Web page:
CEJA: Stronger than dirty energy — 1IL


By Ted Cox

Proponents of the Clean Energy Jobs Act are pushing a series of changes to the bill as key to its possible passage this fall.

On a media teleconference Wednesday, Jack Darin, director of the Sierra Club’s Illinois Chapter, proclaimed “a strong sense of urgency” to pass the bill in the midst of a pandemic, a nationwide call for racial justice, and “a crisis of confidence in government” in Illinois stemming from a ComEd bribery scandal.

“These extraordinary crises facing Illinois right now call for bold action this fall that puts the people of Illinois first, not utilities and polluters,” Darin said. “All of our communities, and especially our communities of color, need lower electric bills, new job opportunities, and cleaner air, and those are the goals of the Clean Energy Jobs Act.”

Darin and other activists said the long-simmering climate crisis has been brought to a head by these other crises, and amendments are being prepared to address the full range of issues.

“Utilities are supposed to serve the people, but for too long it’s been the other way around in Illinois,” Darin added. “We will finally put consumers and communities, not corporate profits, first, and end forever the era of corporations dictating energy policy by playing politics.”

Lead General Assembly sponsors Sen. Cristina Castro of Elgin and Rep. Ann Williams of Chicago said revisions are being prepared to strengthen the equity issues, as polluters are often located in and around minority communities, as well as ethics issues, including refocusing the Illinois Commerce Commission to serve residents ahead of utilities. The changes also will “require immediate reopening of the rooftop and community solar programs to get solar installers back to work” in the economic slowdown stemming from the COVID-19 pandemic.

“Comprehensive energy legislation that moves Illinois to a clean energy future and away from dirty and expensive fossil fuels that have contributed to the climate crisis has never been more important,” Castro said in a statement accompanying a news release on the upcoming CEJA amendments. “The Clean Energy Jobs Act can create new, equitable job opportunities that put people back to work. It is time to put the people of Illinois and clean, affordable energy first.”

“Profits, rather than people, have dictated energy policy in Illinois for too long, at the expense of residents and small businesses,” Williams added. “Energy policy should put people and communities first. The new version of CEJA will make Illinois a national model for addressing climate change and restoring the public’s trust by requiring significant accountability, transparency, and ethics requirements for utilities.”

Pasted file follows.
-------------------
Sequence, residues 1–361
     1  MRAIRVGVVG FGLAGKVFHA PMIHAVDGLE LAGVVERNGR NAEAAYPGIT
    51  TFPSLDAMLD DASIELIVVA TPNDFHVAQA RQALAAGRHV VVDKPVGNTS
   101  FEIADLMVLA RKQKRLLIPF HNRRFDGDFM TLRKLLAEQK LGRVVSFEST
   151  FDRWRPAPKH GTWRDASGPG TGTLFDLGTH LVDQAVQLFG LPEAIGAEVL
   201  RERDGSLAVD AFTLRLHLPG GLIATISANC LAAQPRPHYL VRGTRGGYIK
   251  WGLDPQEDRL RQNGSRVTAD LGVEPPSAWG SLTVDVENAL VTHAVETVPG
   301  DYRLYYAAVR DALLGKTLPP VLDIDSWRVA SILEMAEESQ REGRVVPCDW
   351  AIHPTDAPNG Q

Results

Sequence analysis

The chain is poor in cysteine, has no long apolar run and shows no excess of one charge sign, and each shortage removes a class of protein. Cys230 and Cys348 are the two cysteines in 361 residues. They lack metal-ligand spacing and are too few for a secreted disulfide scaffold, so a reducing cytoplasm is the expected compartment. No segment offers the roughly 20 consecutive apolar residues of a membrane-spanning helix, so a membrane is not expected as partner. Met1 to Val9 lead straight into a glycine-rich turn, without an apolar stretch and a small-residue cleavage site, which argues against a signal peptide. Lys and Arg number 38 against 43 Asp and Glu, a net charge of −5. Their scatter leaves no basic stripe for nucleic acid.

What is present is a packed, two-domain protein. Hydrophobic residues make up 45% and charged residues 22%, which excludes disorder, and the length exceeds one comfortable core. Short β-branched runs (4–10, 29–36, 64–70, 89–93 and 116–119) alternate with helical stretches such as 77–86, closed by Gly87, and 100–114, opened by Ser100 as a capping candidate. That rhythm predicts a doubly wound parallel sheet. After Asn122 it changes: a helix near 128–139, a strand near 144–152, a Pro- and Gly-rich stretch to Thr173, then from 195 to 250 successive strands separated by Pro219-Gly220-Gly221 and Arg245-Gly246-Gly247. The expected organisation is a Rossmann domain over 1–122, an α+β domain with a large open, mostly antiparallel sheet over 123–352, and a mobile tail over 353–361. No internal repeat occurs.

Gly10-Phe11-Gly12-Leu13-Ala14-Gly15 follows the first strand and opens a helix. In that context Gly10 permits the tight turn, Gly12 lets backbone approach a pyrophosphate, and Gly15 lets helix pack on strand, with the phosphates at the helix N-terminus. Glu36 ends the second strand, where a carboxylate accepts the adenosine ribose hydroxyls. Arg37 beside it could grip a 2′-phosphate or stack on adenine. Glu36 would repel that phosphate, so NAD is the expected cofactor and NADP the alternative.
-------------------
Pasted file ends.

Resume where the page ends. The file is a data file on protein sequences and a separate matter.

Darin declared the changes make CEJA “even stronger” on economic and social-equity issues, and activists from across the state agreed on Wednesday’s teleconference.

Dulce Ortiz of Clean Power Lake County said CEJA was needed in her hometown of Waukegan, “an environmental-justice community” that has had to deal for decades with a coal-powered NRG Energy electric plant. “Now more than ever we need to pass CEJA to provide immediate support for Black and Brown communities most impacted by the COVID-19 pandemic, to put an end to toxic pollutions in our backyards, and to hold fossil-fuel interests and utilities accountable.”

Insisting, “Nobody wants to do any kind of economic development next to a coal plant,” she praised the provisions already in the bill to hold fossil-fuel corporations accountable for the damage they do.

“An incremental approach is not going to work any longer,” Ortiz added. “We need CEJA now.”

Rev. Tony Pierce of Illinois People’s Action touted how the amended bill puts “equity provisions front and center … to the communities that need it most,” including his own Peoria area. He drew parallels with the equity provisions in the state’s successful new law for recreational cannabis. But he said a statewide network of energy hubs and incubators would also spur the shift to renewable energy and put solar installers back to work.

“Illinois needs to respond boldly,” he said. “We must say no to the dirty-energy economy that sacrifices Black and Brown communities to profit and the dirty money that fuels it.”

“We know the science and we know the solutions,” said Tonyisha Harris, a youth activist on the environment and climate change. “They are spelled out in the Clean Energy Jobs Act.”


via 1IL

August 6, 2020 at 06:57AM

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